Anyway, in case you you were wondering, the authors (Indra de Soysa and Ragnhild Nordas) find that religious variables don't have a great deal of explanatory power when it comes to explaining whether or not a country suffers from political terror. Political and economic factors matter a lot more. Being in the Arab region hurts, but over the 20 year time period they study Latin America has a more powerful effect when it comes to a regional influence. And countries containing a larger share of Catholics suffered worse than those with a larger share of Muslims.
If you like movies, both appreciating them and laughing at them, you'll want to check out Nathaniel R's place over the next few days. He's started his year end "honors" with the 2007 Cinematic Hall of Shame. I agree with a lot of this (though not all of it), and am made close to ill at having to remember the shameless, awful prancing of "Hammy McHammerson" (damn that was a horrid performance, though I liked the movie). But mostly I'm linking to this for Ryan, because there's no such thing as throwing too many barbs at Lynette.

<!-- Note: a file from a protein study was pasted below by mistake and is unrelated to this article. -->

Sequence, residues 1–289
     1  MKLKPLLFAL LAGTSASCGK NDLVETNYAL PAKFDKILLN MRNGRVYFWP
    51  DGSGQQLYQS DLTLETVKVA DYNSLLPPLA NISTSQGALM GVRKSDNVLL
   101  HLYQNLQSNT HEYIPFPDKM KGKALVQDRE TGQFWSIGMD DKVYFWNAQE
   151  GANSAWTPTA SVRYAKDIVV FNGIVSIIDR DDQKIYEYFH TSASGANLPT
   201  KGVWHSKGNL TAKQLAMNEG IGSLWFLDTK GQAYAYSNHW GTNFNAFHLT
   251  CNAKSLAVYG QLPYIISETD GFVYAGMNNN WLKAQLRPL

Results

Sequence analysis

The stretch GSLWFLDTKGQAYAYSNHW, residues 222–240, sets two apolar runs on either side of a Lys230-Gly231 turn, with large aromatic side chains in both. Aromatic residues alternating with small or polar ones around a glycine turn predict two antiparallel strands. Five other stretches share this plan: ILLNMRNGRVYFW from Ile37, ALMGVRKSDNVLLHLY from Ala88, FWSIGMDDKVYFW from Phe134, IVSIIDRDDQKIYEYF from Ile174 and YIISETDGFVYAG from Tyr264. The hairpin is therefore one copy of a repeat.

So my first Netflix of the weekend was this charmer. And I've got to say that while I liked it well enough, I think the accolades have been a bit extreme. It ends up being quite endearing and a nice journey, but I found much of the first half pretty uncomfortable to watch. Now, true, maybe that just means it was real and accurate - but that didn't make it pleasant or enjoyable. But once I was under the spell of it, I enjoyed it, and I liked some of the songs a good deal, especially the ones in the studio, "When Your Mind's Made Up" and "Fallen from the Sky". Though, sure, "Falling Slowly" is understandably the one that'll be up for awards. And really I'd think it'd have to be a heavy favorite for the Best Song Oscar (especially since Hairspray's "Ladies Choice" won't be nominated).